Los Angeles has been a science fiction mecca for generations, from appearing in countless movies and TV series to inspiring some of the genre's greatest writers. Despite the closings of key shops like Mystery & Imagination and Barry R. Levin Science Fiction & Fantasy Literature, sci-fi fans still have plenty of options, like The Last Bookstore and the city's numerous comic book stores.
L.A. is home to the world's oldest continuously operating science fiction club, the Los Angeles Science Fantasy Society (LASFS). The club began as a charter group of the Science Fiction League, which was founded on Oct. 27, 1934 by Hugo Gernsbeck, the editor of Wonder Stories, as a correspondence club for fans. Early meetings were held at the Pacific Electric Lofts in Downtown LA. and later at Clifton's Cafeteria. Led by the legendary Forrest J. Ackerman, the L.A. charter broke off from the fading League, changed its name to LASFS, and began meeting every Thursday, which it does to this day. Notable members have included Ray Bradbury, Ray Harryhausen, Larry Niven and Jerry Pournelle. Two members, Bjo and John Trimble, famously helped save the original Star Trek series from cancellation by organizing a national letter-writing campaign.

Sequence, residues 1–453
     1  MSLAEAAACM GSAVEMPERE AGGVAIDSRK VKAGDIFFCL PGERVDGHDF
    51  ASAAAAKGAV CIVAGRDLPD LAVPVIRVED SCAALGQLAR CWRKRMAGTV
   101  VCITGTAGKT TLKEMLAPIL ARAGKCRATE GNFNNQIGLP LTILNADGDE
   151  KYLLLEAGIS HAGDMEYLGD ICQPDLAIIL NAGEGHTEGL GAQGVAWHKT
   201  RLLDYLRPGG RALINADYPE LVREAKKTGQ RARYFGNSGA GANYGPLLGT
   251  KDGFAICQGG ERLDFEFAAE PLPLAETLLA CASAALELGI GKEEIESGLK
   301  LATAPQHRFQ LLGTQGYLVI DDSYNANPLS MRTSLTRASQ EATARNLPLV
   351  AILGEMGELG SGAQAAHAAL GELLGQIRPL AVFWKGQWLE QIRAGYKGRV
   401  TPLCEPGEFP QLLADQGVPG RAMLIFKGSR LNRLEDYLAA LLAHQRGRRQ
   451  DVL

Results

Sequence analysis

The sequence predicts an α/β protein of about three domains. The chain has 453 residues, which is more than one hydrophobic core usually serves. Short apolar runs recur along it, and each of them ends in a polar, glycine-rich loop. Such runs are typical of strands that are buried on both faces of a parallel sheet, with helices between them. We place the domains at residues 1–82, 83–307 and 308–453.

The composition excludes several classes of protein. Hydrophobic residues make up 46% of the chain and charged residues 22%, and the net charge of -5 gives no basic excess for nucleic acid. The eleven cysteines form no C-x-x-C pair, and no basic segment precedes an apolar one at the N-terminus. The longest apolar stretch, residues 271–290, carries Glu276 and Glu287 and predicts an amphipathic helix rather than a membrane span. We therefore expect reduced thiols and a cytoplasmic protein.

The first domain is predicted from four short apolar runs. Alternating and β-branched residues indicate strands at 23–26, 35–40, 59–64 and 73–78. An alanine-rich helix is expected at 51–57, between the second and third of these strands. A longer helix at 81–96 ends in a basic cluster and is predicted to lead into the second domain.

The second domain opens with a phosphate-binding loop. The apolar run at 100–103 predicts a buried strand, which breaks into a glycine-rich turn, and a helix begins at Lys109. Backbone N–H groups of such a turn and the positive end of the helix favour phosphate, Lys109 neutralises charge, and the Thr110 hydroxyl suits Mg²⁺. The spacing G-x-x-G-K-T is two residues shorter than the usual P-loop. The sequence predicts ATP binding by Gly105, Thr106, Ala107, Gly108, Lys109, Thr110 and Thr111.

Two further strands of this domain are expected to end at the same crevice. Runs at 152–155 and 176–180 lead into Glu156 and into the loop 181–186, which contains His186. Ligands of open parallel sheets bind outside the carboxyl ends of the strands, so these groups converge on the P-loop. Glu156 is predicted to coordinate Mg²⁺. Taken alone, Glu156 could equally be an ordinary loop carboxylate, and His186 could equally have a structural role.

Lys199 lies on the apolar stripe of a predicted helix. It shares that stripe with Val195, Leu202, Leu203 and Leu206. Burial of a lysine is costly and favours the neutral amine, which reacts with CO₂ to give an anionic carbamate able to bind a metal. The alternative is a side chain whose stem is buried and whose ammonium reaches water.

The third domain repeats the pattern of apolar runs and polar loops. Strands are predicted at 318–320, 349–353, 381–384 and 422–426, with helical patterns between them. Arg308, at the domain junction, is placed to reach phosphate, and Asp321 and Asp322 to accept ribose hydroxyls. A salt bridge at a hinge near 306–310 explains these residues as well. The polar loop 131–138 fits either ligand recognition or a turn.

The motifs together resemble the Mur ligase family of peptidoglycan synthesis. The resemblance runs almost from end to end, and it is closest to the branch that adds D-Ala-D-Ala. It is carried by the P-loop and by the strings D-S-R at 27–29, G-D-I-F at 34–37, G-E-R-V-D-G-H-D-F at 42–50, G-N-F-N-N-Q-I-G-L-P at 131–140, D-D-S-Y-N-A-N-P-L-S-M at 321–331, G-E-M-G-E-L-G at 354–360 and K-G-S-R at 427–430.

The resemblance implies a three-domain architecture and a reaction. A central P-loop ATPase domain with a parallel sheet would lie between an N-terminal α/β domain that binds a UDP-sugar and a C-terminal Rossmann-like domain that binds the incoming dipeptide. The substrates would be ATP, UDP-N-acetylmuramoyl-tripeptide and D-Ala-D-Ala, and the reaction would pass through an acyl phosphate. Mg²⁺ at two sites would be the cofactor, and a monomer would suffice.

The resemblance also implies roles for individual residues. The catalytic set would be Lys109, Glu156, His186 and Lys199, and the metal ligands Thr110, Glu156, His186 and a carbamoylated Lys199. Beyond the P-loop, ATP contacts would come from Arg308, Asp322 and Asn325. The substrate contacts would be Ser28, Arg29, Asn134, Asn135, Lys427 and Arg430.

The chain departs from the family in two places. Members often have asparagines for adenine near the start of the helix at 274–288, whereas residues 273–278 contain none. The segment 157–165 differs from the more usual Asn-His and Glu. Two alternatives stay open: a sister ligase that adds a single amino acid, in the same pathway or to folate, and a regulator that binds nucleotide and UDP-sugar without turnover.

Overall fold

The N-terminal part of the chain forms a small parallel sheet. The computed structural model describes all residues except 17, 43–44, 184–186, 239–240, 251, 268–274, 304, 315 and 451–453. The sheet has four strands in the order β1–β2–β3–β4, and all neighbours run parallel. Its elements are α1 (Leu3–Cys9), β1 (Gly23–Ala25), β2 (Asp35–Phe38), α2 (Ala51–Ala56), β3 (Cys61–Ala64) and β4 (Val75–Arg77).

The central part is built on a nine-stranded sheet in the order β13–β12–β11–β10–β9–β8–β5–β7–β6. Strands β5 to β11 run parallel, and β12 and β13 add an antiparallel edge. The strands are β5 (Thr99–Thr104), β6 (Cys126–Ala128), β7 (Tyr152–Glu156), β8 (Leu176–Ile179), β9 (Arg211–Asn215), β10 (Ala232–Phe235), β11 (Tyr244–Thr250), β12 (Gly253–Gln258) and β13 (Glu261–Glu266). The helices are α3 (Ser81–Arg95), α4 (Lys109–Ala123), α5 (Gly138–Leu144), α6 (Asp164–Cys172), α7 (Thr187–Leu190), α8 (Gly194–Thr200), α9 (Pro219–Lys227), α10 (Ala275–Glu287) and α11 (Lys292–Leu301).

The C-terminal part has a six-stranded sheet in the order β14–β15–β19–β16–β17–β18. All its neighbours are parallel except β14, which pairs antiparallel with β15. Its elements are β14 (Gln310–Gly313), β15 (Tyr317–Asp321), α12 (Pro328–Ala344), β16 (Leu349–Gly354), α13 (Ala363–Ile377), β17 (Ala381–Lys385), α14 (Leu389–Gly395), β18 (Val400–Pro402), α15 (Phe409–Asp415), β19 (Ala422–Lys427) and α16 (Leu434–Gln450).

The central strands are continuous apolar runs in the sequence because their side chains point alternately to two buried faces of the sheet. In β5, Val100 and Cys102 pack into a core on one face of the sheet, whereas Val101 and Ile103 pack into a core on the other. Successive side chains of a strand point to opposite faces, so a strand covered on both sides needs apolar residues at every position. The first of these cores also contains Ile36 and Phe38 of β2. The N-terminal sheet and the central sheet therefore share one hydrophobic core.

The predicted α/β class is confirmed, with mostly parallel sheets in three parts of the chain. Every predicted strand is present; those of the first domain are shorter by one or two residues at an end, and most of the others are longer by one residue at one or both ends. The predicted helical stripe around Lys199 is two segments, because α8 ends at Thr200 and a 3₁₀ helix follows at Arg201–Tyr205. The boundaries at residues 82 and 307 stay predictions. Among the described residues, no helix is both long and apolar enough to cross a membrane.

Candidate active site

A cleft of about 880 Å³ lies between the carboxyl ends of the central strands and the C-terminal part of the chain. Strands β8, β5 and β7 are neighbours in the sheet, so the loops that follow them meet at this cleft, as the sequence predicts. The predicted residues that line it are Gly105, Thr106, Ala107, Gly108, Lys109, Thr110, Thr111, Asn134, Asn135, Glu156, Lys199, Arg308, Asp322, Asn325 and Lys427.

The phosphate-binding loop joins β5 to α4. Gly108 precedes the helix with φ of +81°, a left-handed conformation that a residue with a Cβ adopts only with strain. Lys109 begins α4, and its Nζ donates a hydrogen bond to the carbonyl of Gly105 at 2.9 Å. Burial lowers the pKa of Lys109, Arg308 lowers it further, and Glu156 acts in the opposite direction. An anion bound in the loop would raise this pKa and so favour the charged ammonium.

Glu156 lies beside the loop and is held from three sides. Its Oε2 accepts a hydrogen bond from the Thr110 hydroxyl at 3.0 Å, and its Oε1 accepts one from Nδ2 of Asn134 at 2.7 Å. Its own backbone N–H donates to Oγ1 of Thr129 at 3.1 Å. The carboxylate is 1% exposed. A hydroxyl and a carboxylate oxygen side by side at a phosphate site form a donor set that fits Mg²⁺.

The LASFS has a lending library of more than 20,000 science fiction, fantasy and genre-related nonfiction books. Every book, publication and video in its collection is available to any member to borrow, even rare and unusual titles. (The library is currently packed up as LASFS searches for a new permanent location.) Visitors and prospective members are always welcome at its Thursday meetings. LASFS meetings currently take place at Freehafer Hall in the American Lutheran Church (747 N Whitnall Hwy, Burbank 91505). For more info, visit the LASFS website.